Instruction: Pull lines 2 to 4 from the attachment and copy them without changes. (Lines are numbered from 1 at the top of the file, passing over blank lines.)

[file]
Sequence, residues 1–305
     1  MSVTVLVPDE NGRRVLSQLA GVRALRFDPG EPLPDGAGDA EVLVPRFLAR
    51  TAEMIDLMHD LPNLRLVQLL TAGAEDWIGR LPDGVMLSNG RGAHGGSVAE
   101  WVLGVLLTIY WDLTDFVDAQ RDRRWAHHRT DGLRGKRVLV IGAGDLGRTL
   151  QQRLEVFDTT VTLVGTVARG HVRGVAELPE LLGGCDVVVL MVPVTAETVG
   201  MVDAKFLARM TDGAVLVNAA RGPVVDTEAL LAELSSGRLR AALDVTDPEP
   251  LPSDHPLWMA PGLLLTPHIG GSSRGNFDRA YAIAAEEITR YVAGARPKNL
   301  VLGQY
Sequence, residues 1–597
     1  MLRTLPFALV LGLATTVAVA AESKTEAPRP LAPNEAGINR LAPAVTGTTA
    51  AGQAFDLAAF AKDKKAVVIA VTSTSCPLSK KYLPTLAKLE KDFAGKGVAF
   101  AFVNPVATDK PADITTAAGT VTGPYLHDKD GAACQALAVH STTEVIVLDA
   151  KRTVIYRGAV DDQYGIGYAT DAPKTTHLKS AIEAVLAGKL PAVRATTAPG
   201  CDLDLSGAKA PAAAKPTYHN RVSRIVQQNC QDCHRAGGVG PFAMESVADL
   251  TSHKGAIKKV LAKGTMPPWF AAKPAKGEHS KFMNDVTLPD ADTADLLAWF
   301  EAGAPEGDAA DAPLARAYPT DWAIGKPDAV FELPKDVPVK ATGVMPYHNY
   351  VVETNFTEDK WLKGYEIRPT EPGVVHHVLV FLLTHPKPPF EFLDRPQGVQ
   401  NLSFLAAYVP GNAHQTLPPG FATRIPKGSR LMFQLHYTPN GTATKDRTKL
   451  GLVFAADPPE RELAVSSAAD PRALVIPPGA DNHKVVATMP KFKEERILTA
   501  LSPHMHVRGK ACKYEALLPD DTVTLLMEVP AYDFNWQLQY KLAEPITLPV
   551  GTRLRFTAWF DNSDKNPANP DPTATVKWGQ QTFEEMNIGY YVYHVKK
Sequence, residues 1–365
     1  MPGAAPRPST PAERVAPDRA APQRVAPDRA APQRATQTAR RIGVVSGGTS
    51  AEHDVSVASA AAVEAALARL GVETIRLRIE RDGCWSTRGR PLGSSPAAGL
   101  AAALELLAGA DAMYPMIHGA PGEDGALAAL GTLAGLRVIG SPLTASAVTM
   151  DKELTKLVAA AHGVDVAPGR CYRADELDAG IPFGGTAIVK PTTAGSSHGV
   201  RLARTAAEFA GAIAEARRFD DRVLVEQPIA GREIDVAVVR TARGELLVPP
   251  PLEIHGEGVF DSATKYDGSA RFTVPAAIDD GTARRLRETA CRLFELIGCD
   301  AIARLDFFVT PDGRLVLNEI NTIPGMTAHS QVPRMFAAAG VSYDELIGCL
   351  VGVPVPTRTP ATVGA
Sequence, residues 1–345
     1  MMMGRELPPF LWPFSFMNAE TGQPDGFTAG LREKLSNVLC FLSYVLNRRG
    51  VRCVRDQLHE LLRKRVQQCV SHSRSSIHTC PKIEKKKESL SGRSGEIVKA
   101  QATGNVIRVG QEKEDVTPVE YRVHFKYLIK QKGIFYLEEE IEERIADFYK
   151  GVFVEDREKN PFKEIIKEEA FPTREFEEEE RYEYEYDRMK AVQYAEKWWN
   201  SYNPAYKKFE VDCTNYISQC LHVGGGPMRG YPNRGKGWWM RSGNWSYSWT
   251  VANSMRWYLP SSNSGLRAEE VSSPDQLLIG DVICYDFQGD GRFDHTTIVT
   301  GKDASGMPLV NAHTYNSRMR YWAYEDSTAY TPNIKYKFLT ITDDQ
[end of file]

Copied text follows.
     1  MSVTVLVPDE NGRRVLSQLA GVRALRFDPG EPLPDGAGDA EVLVPRFLAR
    51  TAEMIDLMHD LPNLRLVQLL TAGAEDWIGR LPDGVMLSNG RGAHGGSVAE
   101  WVLGVLLTIY WDLTDFVDAQ RDRRWAHHRT DGLRGKRVLV IGAGDLGRTL